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  • 1. Birth Defects July 26, 2010
  • 2. The King and the Scratched Diamond… <ul><li>Once there was a king who had a beautiful, large pure diamond. There was no other diamond like it in the world. One day, it became deeply scratched. The king told his best diamond cutters, “I’ll promise you a great reward if you can remove the imperfection from my jewel.” But they could not. The king was very upset. </li></ul><ul><li>Many months later, a man came to the king. He promised to make the diamond even more beautiful than it ever had been. Impressed by the man’s confidence, the king consented. He watched as the man engraved an exquisite rosebud around the blemish and used the scratch to make its stem. </li></ul><ul><li>--Parable of the Preacher of Dubno from Jewish Folklore </li></ul>
  • 3. Birth Defects <ul><li>This story can easily be related to birth defects. Even though a child with a birth defect may not appear to be perfect, he/she still has great abilities and opportunities to apply him/herself in life. Rather than emphasizing the problem, we must focus on the abilities of the person. </li></ul><ul><li>Birth defect: </li></ul><ul><ul><li>An abnormality that affects the structure or function of the body. </li></ul></ul><ul><ul><li>Everyone is born with some type of imperfection. </li></ul></ul><ul><ul><li>Most, like a birthmark, are relatively minor. </li></ul></ul><ul><ul><li>Some are born with more serious problems. These are referred to as birth defects. </li></ul></ul>
  • 4. Factors that Influence Birth Defects <ul><li>Heredity </li></ul><ul><li>Environment </li></ul><ul><li>A combination of heredity and the environment </li></ul>
  • 5. Causes of Birth Defects <ul><li>Differ greatly! </li></ul><ul><li>Caused by… </li></ul><ul><ul><li>Inherited from one or both parents. </li></ul></ul><ul><ul><li>Controllable factors in the environment. </li></ul></ul>
  • 6. Environmental Factors <ul><li>Diet </li></ul><ul><li>Diseases or infections of the mother </li></ul><ul><li>Harmful substances ingested by the mother </li></ul><ul><li>Exposure to outside hazards such as radiation </li></ul>
  • 7. Detecting Birth Defects <ul><li>Amniocentesis: </li></ul><ul><ul><li>Not a routine procedure </li></ul></ul><ul><ul><li>Long needle inserted into the uterus. </li></ul></ul><ul><ul><li>Amniotic fluid is removed and tested </li></ul></ul><ul><ul><li>3-4 weeks to get results </li></ul></ul><ul><ul><li>Involves risk of infection, and causing the body to abort the fetus </li></ul></ul><ul><ul><li>Only used when there is a valid medical reason, Down’s Syndrome </li></ul></ul><ul><li>Ultrasound: </li></ul><ul><ul><li>Imaging procedure in which sound waves are bounced off of the fetus to produce a picture. </li></ul></ul><ul><ul><li>Can show the development of a fetus and can detect certain defects </li></ul></ul><ul><li>Chorionic Villus Biopsy: </li></ul><ul><ul><li>Done under extremely serious conditions. </li></ul></ul><ul><ul><li>Samples of villi (contained in the membrane containing amniotic fluid) are snipped or suctioned off for analysis. </li></ul></ul><ul><li>If one of these tests indicates that a developing child has problems, the couple can confer with their doctor and decide what to do. </li></ul>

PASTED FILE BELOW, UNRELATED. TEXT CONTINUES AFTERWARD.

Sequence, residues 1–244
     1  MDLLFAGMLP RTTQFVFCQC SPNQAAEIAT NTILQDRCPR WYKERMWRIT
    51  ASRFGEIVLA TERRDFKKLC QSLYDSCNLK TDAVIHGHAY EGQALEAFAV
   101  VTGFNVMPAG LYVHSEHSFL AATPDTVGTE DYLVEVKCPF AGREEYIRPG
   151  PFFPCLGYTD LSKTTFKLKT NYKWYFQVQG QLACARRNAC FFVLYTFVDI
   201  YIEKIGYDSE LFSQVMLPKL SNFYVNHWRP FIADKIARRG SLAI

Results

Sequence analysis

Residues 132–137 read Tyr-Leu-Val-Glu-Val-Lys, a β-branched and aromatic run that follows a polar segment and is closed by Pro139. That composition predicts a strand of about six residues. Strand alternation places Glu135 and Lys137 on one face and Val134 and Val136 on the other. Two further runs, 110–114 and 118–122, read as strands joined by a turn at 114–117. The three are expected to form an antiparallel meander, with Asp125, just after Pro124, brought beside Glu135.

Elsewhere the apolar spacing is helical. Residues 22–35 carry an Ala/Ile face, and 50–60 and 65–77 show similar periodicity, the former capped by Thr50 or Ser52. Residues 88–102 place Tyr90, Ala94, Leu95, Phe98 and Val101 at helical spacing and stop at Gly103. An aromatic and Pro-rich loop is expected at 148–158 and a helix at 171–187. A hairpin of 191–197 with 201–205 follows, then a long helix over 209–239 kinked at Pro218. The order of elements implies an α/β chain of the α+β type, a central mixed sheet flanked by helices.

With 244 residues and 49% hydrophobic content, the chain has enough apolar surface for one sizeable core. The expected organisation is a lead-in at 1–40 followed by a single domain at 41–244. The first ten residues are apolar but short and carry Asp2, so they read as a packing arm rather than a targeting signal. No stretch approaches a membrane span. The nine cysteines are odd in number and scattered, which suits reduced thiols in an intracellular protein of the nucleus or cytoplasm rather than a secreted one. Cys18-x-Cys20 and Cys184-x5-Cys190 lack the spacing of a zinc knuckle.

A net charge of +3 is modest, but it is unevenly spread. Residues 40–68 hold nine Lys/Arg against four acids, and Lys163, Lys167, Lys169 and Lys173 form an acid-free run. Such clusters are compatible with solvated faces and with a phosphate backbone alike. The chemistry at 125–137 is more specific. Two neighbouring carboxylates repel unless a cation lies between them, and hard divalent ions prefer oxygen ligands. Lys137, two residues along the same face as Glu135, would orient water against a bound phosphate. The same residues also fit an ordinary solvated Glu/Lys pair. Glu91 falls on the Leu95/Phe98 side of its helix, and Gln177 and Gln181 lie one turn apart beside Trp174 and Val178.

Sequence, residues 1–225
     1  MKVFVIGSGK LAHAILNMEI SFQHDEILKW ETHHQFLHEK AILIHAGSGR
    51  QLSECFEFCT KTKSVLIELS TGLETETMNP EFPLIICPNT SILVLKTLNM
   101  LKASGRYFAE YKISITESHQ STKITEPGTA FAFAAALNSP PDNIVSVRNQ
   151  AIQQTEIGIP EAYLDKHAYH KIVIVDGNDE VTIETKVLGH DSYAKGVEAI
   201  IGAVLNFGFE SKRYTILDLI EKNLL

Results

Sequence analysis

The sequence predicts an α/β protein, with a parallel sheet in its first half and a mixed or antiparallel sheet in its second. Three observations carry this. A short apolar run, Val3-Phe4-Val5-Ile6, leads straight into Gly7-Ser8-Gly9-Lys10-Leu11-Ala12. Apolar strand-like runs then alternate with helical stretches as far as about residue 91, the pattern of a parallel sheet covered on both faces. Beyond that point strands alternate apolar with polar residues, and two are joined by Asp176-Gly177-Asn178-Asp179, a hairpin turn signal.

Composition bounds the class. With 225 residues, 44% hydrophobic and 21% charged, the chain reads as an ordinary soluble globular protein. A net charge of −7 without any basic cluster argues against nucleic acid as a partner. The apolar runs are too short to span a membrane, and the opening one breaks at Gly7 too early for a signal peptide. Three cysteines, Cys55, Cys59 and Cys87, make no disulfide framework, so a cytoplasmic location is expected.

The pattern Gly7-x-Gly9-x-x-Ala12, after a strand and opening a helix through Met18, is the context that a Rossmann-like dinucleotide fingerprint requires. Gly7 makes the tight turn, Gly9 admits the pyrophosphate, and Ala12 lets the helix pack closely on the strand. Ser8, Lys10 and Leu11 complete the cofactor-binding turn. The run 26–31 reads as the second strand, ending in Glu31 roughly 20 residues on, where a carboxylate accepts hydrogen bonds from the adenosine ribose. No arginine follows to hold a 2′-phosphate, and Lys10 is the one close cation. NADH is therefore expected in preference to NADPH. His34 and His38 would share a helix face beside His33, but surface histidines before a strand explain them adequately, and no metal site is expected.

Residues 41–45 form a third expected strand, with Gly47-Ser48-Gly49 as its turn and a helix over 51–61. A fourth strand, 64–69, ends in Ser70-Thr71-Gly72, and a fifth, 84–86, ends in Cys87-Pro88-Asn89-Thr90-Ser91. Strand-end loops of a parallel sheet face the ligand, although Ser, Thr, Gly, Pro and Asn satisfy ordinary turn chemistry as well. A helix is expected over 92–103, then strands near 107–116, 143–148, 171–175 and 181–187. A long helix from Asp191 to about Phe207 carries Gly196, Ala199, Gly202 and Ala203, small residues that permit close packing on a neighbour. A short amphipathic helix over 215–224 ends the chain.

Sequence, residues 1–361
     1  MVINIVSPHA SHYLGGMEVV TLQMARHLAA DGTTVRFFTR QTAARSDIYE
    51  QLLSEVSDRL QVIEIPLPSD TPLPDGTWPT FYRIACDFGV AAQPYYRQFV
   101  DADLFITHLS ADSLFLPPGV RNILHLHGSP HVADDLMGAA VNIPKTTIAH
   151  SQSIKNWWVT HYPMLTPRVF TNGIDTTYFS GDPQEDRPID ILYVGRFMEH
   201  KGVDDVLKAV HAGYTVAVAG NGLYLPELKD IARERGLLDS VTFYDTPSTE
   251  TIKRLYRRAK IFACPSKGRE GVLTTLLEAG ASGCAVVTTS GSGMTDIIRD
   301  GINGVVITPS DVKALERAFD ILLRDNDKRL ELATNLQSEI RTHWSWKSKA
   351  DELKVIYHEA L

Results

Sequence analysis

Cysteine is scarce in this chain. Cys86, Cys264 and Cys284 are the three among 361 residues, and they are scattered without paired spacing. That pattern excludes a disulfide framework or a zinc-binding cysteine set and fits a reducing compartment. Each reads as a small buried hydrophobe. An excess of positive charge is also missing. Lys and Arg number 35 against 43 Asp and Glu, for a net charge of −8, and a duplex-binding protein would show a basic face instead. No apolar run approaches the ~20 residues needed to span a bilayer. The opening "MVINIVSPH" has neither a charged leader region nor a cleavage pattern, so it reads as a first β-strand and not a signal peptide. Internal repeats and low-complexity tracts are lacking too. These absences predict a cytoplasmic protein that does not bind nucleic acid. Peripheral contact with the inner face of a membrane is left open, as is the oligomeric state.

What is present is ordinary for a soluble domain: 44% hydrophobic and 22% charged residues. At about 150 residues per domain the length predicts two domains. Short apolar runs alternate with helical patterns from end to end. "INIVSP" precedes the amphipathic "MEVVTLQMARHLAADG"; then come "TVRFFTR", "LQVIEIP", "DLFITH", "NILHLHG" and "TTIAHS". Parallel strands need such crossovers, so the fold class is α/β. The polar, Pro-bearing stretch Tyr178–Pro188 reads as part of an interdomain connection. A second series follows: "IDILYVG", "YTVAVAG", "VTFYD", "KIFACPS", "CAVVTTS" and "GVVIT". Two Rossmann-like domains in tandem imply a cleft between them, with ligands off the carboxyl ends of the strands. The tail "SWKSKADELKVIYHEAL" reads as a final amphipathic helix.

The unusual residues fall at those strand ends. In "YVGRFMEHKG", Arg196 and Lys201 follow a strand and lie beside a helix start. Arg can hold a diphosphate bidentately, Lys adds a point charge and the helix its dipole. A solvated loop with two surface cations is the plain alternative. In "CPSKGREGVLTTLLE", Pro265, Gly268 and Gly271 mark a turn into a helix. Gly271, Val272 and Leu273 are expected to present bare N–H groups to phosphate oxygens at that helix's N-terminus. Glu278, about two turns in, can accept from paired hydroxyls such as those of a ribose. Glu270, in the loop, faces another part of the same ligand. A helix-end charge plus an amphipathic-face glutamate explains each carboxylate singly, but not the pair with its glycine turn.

• 8. Helping to Prevent Birth Defects <ul><li>Early and regular prenatal care </li></ul><ul><li>Vaccines </li></ul><ul><li>Rh vaccine during pregnancy </li></ul><ul><li>Consult with genetic services </li></ul><ul><li>Become educated </li></ul>
  • 9. Hemophilia <ul><li>Hemophilia (heem-o-FILL-ee-ah) is a rare, inherited bleeding disorder in which your blood doesn’t clot normally. </li></ul><ul><li>If you have hemophilia, you may bleed for a longer time than others after an injury. You also may bleed internally, especially in your knees, ankles, and elbows. This bleeding can damage your organs or tissues and, sometimes, be fatal. </li></ul><ul><li>About 18,000 people in the United States have hemophilia. Each year, about 400 babies are born with the disorder. Hemophilia usually occurs only in males (with very rare exceptions). </li></ul>
  • 10. Sickle Cell Anemia <ul><li>Sickle cell anemia is an inherited blood disorder that mostly affects people of African ancestry. </li></ul><ul><li>A blood disorder that affects hemoglobin. </li></ul><ul><li>Sickle cell anemia occurs when a person inherits two abnormal genes (one from each parent) that cause their RBCs to change shape. Instead of being flexible and disc-shaped, these cells are more stiff and curved in the shape of the old farm tool known as a sickle. </li></ul><ul><li>Sickle cells tend to clump together, making red blood cells sticky, stiff, and more fragile. These sickle cells can clog blood vessels and deprive the body's tissues and organs of the oxygen they need to stay healthy. </li></ul><ul><li>Unlike normal RBCs that last about 4 months in the bloodstream, fragile sickle cells break down after only about 10 to 20 days, which usually causes anemia. </li></ul>
  • 11. PKU (Phenylketonuria)  <ul><li>Phenylketonuria ( PKU ) is an recessive genetic disorder r characterized by a deficiency in the enzyme phenylalanine hydroxylase (PAH). </li></ul><ul><li>This enzyme is necessary to metabolize the amino acid phenylalanine to the amino acid tyrosine. When PAH is deficient, phenylalanine accumulates and is converted into phenylketones, which are detected in the urine. </li></ul><ul><li>Left untreated, this condition can cause problems with brain development, leading to progressive mental retardation and seizures. However, PKU is one of the few genetic diseases that can be controlled by diet. A diet low in phenylalanine and high in tyrosine can bring about a nearly total cure. </li></ul>